Today on MSNBC http://www.msnbc.msn.com/ on the FRONT PAGE
here is an exerpt from the story. The judge dismissed the foreclosure because MERS could not produce who owned the mortgage!
D-Day vet's tale parallels mortgage meltdown
Ex-corpsman, 84, blames 'greed, greed, greed' as he faces losing his home
By Mike Stuckey
Senior news editor
updated 6:57 a.m. ET, Tues., Feb. 17, 2009
CERRITOS, Calif. - Questions linger here, as ripe and nagging as the odor that once wafted over this former dairy capital: Who is trying to seize the home of Ray Vargas, child of the Great Depression, D-Day veteran and loving husband who just wanted to do right by his dying wife? And are they entitled to it?
In bankruptcy court documents, the party attempting to foreclose is identified as Mortgage Electronic Registration Systems Inc., or MERS, a small Vienna, Va.-based company employed by lenders to streamline the resale of mortgage loans and servicing rights. In that role, MERS claims an interest in tens of millions of U.S. home loans and the legal right to foreclose on those in default.
But MERS never gave Vargas a loan. It never collected money from him or recorded his payments. It had no ability to modify his loan.
What it did have was a copy of a document that named it a “beneficiary” of the mortgage on his home and a “nominee” for the lender and “lender’s successors and assigns.” But it has never identified the current holder of the loan.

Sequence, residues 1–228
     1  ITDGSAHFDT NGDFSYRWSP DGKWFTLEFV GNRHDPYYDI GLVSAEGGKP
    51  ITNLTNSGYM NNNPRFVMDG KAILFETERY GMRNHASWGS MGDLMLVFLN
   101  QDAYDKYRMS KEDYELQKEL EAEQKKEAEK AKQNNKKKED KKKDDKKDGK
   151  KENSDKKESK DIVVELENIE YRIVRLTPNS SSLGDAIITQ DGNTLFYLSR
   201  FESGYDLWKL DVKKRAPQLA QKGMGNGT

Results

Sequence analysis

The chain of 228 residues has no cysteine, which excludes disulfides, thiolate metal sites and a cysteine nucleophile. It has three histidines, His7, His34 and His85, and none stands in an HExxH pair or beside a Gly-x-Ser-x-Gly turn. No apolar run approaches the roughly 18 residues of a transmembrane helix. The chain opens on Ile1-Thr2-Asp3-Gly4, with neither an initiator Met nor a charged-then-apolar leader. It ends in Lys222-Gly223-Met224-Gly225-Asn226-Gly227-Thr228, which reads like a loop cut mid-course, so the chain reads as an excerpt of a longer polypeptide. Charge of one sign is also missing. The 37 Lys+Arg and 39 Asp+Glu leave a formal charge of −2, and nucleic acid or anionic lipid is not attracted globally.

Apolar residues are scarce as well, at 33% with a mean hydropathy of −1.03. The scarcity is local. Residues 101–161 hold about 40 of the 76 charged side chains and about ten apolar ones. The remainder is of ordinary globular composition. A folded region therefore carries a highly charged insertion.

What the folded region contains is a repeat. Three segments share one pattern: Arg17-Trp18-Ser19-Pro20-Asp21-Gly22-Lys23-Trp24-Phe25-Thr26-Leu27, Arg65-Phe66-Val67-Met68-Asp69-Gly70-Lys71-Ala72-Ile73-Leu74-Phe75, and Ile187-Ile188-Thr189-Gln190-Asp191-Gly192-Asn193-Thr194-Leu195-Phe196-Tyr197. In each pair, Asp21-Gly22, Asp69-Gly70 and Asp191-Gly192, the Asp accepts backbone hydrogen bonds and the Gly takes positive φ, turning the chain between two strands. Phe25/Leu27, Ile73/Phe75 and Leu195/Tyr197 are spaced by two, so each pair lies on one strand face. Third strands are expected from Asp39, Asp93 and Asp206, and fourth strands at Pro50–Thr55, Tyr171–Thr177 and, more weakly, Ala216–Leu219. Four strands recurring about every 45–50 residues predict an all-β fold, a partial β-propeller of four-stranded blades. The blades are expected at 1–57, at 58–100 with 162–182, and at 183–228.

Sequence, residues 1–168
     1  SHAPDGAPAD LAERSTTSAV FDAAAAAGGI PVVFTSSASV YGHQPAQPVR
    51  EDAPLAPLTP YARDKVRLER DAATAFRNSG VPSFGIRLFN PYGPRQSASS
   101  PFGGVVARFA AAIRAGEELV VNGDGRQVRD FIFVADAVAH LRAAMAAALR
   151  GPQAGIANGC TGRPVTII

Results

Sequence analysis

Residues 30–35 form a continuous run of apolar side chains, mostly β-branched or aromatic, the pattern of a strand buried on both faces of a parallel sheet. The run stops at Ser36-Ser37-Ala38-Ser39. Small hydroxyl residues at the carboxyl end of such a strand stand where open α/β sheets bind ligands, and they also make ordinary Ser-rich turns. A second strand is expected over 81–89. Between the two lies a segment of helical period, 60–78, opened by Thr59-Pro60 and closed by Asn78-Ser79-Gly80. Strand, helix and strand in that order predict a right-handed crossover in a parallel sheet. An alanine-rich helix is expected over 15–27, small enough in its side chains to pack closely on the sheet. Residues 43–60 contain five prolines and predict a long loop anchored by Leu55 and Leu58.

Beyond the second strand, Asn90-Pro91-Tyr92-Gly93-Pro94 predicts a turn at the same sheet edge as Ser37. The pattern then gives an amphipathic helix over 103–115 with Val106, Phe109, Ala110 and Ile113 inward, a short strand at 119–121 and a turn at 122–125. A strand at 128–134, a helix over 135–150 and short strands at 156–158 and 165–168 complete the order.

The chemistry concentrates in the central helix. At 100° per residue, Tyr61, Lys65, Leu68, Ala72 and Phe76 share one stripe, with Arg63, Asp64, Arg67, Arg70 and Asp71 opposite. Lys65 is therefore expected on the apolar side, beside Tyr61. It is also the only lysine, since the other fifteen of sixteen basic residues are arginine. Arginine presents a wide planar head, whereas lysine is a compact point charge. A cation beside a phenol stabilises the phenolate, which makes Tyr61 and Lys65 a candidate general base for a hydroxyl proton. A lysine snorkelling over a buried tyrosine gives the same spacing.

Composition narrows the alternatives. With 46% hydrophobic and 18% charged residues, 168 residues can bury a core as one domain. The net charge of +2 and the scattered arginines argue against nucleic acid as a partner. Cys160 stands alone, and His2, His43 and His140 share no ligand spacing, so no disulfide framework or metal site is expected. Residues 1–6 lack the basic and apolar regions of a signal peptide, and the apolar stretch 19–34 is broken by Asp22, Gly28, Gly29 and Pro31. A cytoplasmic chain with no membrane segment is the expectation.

'It makes me sick'
While such documentation has allowed many foreclosures to proceed around the nation, the judge in Vargas’ case threw MERS for a loop, ruling that the company had no right to attempt to seize his home on behalf of unnamed plaintiffs.
“No such unidentified parties are permitted in a motion before the court,” wrote Judge Samuel L. Bufford. Bufford’s October ruling kept the foreclosure on hold and opened the door for Vargas to sue MERS in an action aimed at clearing his home of the $826,549 in debt he says is the result of fraud, forgery and abuse of process.
“It makes me sick,” said Vargas, 84, a deeply religious man who believes God is guiding him in a mission to expose wrongful foreclosure. “Greed has no bounds. That’s what the whole problem is: greed, greed, greed.”
Vargas' case has captured the attention of hundreds of attorneys and others immersed in the nation’s mortgage meltdown, which saw foreclosure filings on U.S. homes hit 3 million last year. In the first six weeks of this year, foreclosure began on another 296,000, according to the Center for Responsible Lending.
Legal icon is a new and somewhat surreal role for Vargas. The Chicago native who got his first job at 8 in the depths of the Great Depression has always been a realist.